If you are a child today, you live your life almost completely in the public domain. Your baby photographs might be on Facebook before the first nappy change. By the time you start primary school, you will have appeared on at least a dozen local and national Government databases, and various commercial organisations will have been sold your details, targeting your parents for years with invitations to buy you consumer goods and products. Your movements around the local area will be tracked on CCTV.
When you arrive in secondary school, your digital footprint will intensify. You will be uploading materials to the Internet via your mobile phone or your bedroom computer. You will have a number of online profiles, some more secret than others. Homework will be submitted online via third party servers, some of which may be in countries with weak, cloud-based data protection policies. By the time you are 18, your digital footprint will be enormous, and even though there is ‘right to be forgotten’ data protection legislation in place to allow for deletion, for most things out there in the digital world, it’s going to be too late to roll back, even allowing for the introduction of the new European General Data Protection Regulations in 2018. For young people today, there is practically no backstage space in which to experiment and make mistakes. This is in stark contrast to the lives of young people even a generation ago.
It would be easy to panic about this kind of intrusion of the public into the personal, and frequently people do. Schools have periodically tried to ban various activities, for example taking digital photos of children in school performances (much to the chagrin of the Information Commissioner’s Office, who have pointed out repeatedly that this does not breach the Data Protection Act, but that schools taking pictures and using them in promotional materials does in fact constitute a breach). Schools also concern themselves with teaching children about the dangers of posting too much online, sexting, cyberbullying, Internet grooming, and the need for secure passwords, just like parents try to do. Generally speaking, adults spend a great deal of time cautioning children and young people about digital risk, even though they might not be fully aware of what its extent might be. It is also genuinely difficult for people to assess risk accurately in relation to the digital world, so many adults tend to err on the safe side, and who would blame them?
In our book Invisibly Blighted: The digital erosion of childhood (published March 27 by UCL IOE Press) Andy Phippen and I argue that there is too much panic about the digital world, and not enough education by example. It starts with basic back office functions. If schools are using dated infrastructure for their computer networks, as many do (particularly academies, who no longer benefit from up to date Local Authority support), they are not modelling best practice in the way that needs to happen. This can be compounded by schools using insecure cloud-based networks for day to day operations. We saw an example of this in one of our fieldwork schools where a teacher had asked students to upload copies of their CVs to a US-based cloud server as part of a careers development exercise, breaching the Data Protection Act quite obviously. It hadn’t even occurred to the school that this might be a problem (despite the fact that OFSTED may have taken a very negative view).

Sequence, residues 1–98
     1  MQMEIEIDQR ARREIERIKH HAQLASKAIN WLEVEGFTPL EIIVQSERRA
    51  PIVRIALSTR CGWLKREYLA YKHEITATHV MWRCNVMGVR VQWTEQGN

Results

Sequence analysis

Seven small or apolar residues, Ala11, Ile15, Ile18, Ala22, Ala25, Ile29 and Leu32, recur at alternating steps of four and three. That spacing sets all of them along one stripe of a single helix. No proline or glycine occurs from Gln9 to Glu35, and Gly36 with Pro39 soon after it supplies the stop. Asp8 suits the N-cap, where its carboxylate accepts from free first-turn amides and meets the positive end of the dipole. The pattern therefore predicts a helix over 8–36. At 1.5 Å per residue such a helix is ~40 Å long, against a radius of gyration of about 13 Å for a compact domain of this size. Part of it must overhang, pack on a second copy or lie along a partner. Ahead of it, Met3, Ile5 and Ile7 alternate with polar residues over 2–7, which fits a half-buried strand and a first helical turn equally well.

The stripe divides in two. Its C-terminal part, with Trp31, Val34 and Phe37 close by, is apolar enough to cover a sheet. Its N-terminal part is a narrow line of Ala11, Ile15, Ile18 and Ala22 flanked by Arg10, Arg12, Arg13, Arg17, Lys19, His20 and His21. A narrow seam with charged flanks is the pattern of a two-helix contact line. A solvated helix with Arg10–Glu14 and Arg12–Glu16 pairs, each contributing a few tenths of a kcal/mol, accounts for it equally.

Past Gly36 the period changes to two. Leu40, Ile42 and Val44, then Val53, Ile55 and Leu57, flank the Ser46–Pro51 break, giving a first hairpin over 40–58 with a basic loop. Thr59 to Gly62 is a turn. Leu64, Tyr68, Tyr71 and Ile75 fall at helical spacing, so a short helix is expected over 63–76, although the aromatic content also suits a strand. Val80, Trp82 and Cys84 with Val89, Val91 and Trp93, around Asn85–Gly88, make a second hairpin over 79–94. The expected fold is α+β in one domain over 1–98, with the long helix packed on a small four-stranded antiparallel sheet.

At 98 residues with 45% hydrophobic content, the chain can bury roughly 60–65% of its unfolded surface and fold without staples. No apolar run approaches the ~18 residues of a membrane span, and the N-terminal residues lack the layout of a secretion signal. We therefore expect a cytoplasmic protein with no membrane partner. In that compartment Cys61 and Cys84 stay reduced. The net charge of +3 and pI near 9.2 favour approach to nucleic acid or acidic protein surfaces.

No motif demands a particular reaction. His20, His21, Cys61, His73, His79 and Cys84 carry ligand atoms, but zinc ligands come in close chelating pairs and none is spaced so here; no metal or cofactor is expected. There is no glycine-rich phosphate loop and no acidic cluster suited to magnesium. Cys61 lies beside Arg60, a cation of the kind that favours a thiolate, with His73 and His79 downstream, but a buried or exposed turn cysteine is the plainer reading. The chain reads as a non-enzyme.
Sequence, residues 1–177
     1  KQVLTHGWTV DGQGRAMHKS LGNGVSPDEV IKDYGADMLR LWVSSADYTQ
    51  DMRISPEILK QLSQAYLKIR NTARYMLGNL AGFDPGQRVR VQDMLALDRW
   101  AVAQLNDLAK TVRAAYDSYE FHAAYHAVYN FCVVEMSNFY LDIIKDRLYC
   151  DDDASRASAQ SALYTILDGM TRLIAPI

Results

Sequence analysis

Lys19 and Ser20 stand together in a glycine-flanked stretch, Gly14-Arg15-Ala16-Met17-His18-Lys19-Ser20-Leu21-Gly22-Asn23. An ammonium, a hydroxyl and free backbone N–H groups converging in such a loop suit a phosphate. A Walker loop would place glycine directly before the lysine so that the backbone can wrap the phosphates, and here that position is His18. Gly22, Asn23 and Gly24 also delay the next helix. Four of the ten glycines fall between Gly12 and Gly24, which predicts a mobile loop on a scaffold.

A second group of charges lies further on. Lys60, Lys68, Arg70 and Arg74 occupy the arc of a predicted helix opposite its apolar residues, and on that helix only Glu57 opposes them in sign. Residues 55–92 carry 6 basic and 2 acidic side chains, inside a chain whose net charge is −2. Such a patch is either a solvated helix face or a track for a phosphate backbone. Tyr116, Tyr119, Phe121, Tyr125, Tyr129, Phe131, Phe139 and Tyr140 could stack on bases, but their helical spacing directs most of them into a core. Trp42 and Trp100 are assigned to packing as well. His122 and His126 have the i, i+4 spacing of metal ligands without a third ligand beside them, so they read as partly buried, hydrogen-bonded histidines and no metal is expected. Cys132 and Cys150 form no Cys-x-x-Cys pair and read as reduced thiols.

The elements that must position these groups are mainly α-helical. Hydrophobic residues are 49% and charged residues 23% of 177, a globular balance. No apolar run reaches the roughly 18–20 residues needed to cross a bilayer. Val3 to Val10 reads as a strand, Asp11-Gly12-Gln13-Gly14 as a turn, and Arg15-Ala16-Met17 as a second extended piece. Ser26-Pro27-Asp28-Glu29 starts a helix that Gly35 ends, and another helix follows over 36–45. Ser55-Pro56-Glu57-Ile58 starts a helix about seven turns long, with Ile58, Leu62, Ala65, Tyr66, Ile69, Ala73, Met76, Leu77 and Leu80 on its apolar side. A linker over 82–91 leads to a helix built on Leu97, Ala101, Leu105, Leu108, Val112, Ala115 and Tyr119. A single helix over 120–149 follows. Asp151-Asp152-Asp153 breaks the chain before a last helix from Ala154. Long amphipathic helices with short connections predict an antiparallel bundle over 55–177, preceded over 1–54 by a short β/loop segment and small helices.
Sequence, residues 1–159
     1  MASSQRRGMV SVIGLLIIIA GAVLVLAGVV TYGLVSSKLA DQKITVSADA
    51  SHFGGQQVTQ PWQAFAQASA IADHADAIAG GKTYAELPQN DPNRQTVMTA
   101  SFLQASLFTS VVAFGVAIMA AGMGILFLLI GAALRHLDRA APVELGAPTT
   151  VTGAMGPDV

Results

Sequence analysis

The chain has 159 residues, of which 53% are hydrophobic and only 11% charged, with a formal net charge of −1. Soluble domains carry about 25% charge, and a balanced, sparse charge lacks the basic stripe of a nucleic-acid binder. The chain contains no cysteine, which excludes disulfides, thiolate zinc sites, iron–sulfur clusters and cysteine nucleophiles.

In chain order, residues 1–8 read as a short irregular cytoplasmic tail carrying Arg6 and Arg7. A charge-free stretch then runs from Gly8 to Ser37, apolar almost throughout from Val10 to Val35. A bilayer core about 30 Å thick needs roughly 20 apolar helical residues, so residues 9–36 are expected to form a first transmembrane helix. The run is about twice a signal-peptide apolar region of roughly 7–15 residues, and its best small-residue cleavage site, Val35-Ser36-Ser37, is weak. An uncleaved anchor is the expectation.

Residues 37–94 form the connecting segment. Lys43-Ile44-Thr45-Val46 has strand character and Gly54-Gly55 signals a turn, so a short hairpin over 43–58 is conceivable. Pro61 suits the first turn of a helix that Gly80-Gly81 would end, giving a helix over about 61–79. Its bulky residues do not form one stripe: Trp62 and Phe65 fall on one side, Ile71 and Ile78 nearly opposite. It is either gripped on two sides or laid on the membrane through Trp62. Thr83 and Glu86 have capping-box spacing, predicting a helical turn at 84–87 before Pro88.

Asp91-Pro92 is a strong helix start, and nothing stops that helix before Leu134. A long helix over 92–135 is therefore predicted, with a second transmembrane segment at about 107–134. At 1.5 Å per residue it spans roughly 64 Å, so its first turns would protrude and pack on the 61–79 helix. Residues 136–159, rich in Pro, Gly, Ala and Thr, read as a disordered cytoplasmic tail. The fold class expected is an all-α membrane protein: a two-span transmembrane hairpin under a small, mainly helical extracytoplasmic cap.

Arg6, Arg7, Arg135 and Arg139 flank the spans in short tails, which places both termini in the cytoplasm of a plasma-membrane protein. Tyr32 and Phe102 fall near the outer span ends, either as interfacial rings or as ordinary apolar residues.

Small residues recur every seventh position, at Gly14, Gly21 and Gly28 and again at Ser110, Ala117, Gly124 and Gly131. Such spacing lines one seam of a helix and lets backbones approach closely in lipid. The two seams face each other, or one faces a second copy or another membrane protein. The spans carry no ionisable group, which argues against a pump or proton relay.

In our focus groups on biometrics in schools, where we talked with teenagers in the south west of England about their daily experiences of technology use at school, we learned how pupils were frequently confused for one another because of the school’s poorly calibrated sensitivity settings for fingerprint readers, reducing their trust in the system. Similarly, we heard about long queues to use fingerprint readers, and how lunchtime supervisors frequently licked their fingers and rubbed the platen (glass) to get the system working again. As we say in our book, any system that relies on human beings licking equipment has major usability issues.
The problem with all of this is that children and young people are effectively analogue beings navigating a digital world. Queuing up to get your lunch is a practice that has not changed since school meals became universal after the 1944 Education Act. Sending a digital image to a school mate of a part of your body you haven’t shown to your parents since you were nine is, to some teenagers, just a bit of innocent naughtiness and certainly not something they would associate with criminality – even though some schools are very quick to contact police about illicit digital images being shared by under-16s. Social interactions and transactions online are a complex and nuanced area. It requires adults to operate from a position of knowledge rather than ignorance. Otherwise we end up with confused legislation, and technology becomes a burden rather than a convenience. Invisibly Blighted: The digital erosion of childhood is a manifesto for a new curriculum.
We see such a curriculum as going well beyond the current limited diet of online safety and computer coding, instead embracing topics such as:
- privacy, information and education rights
- management of time and space
- the provision, maintenance and protection of digital infrastructure
- the role of technology within relationships
- digital criminology
- digital citizenship
- digital consumption
- respect, consent and empathy with others
- legislative protections
- the role of media as information source and influencer
- wellbeing and mental health
This curriculum would untangle complex technology issues, and address what it really means to be human in a digital age.